What does marketing actually do? In short, more than meets the eye. Behind every good campaign, ad, design, or piece of content, are hours of planning and research to turn that idea or concept into something tangible. For example, a blog post is more than just a piece of content to keep up with a weekly cadence. It should be action-driving and informative so that once someone finishes reading, they do something. Maybe you want them to learn more, to read another piece of content, or the content supports another piece. Regardless, it should do more than just be fodder to hit arbitrary numbers.


So often I come across other marketing teams or companies who want to be a powerhouse by constantly churning out new content. Which is great, but what does it actually do? Does that blog post on the latest TikTok trend do anything for the company? If someone in the company were to read it, str they better off reading it, or would they ask why their company wasted time writing that? More often than not, the latter takes the cake.


Content for content's sake is not a good strategy. It is just like your core competencies and past performance in federal contracting. The more nonsense you dabble with, the further from your core capabilities and reputation you get. A few off-topic pieces here and there are fine, but they should not be the core of your content strategy. Thought-provoking, well-thought-out pieces are what people want.


When your company is awarded a contract, on the surface, you were just awarded a large sum of money. But how much time, effort, and resources went into that bid? How many hours, weeks, and months were spent gathering intelligence, how many discussions with the contracting officer, how much influencing, and how about conversations with your BD team?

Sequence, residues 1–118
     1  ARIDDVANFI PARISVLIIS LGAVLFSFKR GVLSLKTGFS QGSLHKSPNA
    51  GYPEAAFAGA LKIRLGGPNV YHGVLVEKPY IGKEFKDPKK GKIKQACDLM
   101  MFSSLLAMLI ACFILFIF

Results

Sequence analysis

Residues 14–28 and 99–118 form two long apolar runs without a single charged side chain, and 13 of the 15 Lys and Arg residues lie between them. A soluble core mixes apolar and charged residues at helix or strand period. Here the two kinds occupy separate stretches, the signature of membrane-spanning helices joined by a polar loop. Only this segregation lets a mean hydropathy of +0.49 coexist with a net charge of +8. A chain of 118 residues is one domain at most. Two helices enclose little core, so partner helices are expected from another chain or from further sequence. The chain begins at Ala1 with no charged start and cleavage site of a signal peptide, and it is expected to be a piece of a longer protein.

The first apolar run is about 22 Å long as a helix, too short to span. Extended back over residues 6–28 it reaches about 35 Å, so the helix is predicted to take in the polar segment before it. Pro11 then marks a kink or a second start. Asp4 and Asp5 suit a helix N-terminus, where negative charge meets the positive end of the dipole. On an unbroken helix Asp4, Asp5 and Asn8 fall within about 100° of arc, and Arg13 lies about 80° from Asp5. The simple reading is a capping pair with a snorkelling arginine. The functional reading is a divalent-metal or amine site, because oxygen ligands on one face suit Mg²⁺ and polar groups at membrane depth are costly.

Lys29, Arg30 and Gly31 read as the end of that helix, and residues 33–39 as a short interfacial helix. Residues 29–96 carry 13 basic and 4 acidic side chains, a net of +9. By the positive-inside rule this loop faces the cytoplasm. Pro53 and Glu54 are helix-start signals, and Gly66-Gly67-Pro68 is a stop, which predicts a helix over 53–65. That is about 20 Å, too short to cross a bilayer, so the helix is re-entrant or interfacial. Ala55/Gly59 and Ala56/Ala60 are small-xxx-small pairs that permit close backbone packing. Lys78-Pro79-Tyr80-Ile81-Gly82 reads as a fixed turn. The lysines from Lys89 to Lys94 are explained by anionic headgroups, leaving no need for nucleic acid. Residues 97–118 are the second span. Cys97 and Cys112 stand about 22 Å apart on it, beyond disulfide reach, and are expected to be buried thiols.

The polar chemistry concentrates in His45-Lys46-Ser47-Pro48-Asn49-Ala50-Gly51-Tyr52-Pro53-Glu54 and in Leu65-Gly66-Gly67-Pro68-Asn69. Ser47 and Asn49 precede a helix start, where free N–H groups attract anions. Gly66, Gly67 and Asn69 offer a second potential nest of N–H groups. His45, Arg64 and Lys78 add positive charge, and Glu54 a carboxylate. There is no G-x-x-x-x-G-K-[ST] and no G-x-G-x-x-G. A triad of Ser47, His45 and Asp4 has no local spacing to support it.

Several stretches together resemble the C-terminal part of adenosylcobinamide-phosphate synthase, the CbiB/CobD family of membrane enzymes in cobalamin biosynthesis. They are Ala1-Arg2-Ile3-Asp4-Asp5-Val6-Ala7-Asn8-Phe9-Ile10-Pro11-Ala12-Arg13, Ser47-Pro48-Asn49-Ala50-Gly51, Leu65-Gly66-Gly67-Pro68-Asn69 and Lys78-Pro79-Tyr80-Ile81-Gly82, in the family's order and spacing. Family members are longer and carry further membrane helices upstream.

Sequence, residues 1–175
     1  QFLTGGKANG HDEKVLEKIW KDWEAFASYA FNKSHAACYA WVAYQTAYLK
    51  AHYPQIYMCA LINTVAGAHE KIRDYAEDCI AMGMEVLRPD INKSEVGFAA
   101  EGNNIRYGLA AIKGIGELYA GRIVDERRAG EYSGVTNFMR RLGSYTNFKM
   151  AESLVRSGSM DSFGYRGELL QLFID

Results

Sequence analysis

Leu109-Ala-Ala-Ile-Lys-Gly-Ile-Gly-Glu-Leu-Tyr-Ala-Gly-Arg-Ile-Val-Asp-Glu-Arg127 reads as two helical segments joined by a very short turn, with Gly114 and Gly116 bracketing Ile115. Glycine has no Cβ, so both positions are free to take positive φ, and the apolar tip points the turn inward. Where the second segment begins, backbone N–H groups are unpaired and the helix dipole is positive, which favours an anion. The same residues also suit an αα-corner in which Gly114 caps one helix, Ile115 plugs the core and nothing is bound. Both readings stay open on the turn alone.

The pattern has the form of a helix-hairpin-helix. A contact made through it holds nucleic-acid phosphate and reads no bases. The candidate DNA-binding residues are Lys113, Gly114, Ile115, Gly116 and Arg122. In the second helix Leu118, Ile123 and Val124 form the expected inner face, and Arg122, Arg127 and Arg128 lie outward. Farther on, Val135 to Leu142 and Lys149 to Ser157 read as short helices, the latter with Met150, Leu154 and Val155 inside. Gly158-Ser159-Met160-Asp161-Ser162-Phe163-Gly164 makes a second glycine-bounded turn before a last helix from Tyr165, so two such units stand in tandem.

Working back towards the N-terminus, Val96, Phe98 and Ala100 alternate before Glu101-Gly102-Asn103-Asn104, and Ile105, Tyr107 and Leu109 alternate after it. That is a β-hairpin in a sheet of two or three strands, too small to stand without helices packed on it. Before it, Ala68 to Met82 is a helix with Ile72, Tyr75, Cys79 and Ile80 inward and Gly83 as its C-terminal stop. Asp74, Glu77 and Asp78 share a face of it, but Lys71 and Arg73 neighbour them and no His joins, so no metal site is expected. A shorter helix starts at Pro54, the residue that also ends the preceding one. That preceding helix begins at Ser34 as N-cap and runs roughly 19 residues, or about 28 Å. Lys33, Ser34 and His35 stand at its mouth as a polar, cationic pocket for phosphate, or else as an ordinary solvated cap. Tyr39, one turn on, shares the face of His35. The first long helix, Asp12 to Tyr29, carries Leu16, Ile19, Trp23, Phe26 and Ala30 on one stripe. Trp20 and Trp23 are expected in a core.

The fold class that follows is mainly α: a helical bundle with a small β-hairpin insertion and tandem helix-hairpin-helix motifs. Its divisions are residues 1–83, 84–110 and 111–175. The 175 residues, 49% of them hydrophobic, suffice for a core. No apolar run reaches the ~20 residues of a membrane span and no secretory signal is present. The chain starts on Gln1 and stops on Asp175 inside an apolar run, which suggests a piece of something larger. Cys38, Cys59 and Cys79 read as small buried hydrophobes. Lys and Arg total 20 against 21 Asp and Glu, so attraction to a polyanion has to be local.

Every success in life always has more than meets the eye. That is why when award ceremonies take place, there are so many people to thank. Because without all of those supporting team members, the goal would not have been attainable.




Every company has its own marketing efforts, some just more than others. Whether it is a team of one or a team of double-digits, research, creativity, and execution are at the forefront of what they do. Researching to see what competitors are doing, what worked, what no longer works, and exploring options that are outside the box. Taking those findings and creating something that will resonate with their target audience. And finally, executing. Publishing new ads, running campaigns, publishing supporting content. Marketing always has a lot of moving pieces. It requires everyone to constantly think on their toes and be agile. One reason so many marketers have strong calf muscles...sorry.


The next time your website gets a facelift, you hit your sales numbers, or increase your recurring revenue, thank your marketing team. Typically, coffee is a great token of your gratitude!

The Author

Nate Winans Federal Compass
Nate Winans

Federal Compass offers unique solutions for every member of your federal government contracting team.